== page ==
Floyds Field – A Ceremonial Planting and Laying Down

by | Mar 22, 2022 | 0 comments

Foraging for acorns

During the very earliest days of the Walking Forest project, I planted three seeds from the ‘Last Suffragette Tree’, the Batheaston Pine.

Only two germinated into what we affectionately referred to as the ‘radical sisters’.  I cared for them as they grew in the only way I could – mostly neglectfully but also by carefully observing them for any signs of distress.  It was fascinating to watch was how each had a unique form.  One seedling came straight up growing on one long stem, the second grew entirely differently, with three stems – stocky but strong.

Three years on and with beautiful synchronicity, we were able to plant the saplings on Floyd’s Field on the western edge of Coventry – a green space for dog walking and kick-about football.  It was the first site identified by Coventry Council for an extensive tree planting campaign to coincide with the city’s Year of Culture and according to the council’s Parks Teams, the origin of the name Floyd’s fields was little if not unknown to most people.

Lettice Floyd, born in Berkswell in 1865, donated the field to the people of Coventry and was a full-time worker for the Women’s Social and Political Union.  Both Lettice and her romantic partner Annie Williams, also a Suffragette, were imprisoned after the window smashing campaign of 1912.  Both were sent to Holloway Prison where they went on hunger strike, and Lettice was later honoured with a medal of valour by the WSPU for her efforts.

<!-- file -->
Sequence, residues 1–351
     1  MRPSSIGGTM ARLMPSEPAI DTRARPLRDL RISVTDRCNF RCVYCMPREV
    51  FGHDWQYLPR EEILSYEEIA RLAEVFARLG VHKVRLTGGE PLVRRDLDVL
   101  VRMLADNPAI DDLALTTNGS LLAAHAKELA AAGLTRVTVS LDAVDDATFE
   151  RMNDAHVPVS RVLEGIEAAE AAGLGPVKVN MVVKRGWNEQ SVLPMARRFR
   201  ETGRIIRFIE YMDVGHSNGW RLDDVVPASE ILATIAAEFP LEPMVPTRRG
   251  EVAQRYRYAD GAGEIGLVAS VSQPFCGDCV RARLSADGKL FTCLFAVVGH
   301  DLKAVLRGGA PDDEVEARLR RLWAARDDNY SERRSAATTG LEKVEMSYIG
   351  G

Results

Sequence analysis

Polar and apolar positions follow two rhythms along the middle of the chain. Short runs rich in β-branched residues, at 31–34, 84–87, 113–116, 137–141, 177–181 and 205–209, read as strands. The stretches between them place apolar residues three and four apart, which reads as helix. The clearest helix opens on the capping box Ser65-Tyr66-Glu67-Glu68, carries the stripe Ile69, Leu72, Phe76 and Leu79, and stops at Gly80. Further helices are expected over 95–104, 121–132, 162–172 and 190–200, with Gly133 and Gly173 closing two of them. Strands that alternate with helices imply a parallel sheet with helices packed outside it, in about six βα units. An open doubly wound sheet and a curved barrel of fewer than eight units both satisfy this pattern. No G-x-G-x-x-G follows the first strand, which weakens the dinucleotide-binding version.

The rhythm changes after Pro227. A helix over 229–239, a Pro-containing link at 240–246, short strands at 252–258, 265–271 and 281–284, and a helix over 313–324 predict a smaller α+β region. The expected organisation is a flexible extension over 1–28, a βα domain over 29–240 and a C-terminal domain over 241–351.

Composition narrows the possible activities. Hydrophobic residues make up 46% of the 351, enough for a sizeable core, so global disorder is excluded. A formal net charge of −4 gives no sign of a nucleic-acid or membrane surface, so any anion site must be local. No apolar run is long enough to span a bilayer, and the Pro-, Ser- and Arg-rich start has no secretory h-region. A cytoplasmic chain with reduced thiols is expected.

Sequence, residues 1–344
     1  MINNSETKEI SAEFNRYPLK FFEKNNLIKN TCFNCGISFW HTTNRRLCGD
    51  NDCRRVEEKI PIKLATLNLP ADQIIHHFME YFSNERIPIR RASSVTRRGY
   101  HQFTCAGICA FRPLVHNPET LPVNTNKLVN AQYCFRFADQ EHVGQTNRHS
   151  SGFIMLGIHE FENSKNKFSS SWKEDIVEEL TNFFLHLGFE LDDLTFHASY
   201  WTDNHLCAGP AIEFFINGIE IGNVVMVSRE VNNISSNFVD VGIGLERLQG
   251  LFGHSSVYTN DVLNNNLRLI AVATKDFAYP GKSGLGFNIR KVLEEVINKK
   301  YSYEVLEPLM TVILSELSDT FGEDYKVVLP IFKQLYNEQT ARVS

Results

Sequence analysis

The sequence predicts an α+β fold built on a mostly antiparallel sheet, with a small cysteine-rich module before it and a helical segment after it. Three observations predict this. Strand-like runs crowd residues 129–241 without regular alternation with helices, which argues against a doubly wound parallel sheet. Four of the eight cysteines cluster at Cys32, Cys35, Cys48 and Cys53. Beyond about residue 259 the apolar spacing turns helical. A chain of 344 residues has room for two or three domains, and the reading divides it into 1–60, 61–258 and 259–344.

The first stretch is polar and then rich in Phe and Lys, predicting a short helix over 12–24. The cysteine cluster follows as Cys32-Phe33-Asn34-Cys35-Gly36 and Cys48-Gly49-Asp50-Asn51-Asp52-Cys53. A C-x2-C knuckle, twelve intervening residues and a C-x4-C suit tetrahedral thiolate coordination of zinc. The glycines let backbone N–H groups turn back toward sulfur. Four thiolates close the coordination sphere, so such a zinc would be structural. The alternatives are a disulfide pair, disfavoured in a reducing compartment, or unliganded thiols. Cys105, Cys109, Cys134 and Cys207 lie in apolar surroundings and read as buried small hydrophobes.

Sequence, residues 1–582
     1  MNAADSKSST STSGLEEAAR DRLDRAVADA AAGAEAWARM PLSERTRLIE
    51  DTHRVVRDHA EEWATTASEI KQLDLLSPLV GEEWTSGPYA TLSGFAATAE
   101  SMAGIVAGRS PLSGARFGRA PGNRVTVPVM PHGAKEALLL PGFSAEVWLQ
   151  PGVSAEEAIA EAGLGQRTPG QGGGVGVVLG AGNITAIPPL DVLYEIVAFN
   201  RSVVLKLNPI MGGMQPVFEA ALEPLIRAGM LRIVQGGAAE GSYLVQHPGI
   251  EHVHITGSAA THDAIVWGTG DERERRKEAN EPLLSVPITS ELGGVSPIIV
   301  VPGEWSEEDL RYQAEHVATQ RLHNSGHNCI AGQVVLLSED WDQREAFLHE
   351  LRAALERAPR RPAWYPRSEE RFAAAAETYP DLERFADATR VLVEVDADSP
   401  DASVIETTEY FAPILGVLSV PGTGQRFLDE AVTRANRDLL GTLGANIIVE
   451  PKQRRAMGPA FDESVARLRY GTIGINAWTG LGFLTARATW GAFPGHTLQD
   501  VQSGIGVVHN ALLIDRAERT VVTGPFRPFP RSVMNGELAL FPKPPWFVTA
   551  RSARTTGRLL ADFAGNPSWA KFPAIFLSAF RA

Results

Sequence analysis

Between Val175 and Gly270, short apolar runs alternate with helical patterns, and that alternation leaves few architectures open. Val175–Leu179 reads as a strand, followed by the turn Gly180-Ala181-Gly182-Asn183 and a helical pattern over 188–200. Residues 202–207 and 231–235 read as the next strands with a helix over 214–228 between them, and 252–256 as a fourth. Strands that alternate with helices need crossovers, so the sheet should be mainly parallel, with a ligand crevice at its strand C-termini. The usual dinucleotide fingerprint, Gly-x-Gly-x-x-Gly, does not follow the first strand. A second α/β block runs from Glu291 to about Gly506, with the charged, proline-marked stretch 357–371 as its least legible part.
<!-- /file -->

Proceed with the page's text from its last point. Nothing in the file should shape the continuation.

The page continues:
On a sunny cold day in October 2021, we were joined by about 20 women, many of whom had taken part in a performative action during which we had collectively carried a silver birch felled by HS2 through the streets of the Coventry.

We gathered on Floyds Field in glorious Autumn sunshine to do two key things, the first: to lay down the Silver Birch tree and let it rot into the ground and support new life.  The second:  To plant the two radical sisters at the edge of a very young forest of native trees – close enough to connect via mycelium underground but far enough apart to grow to their full glorious size.

Alongside the practical work of the day, and with mud on our boots, came a song, food and tears.  But a sense of satisfaction from planting these two saplings, representing Annie and Lettice, helped balance the sense of loss connected to the HS2 Silver Birch.

Now all we can do is hope that the radical sisters grow as strong as their ‘Mother Tree’.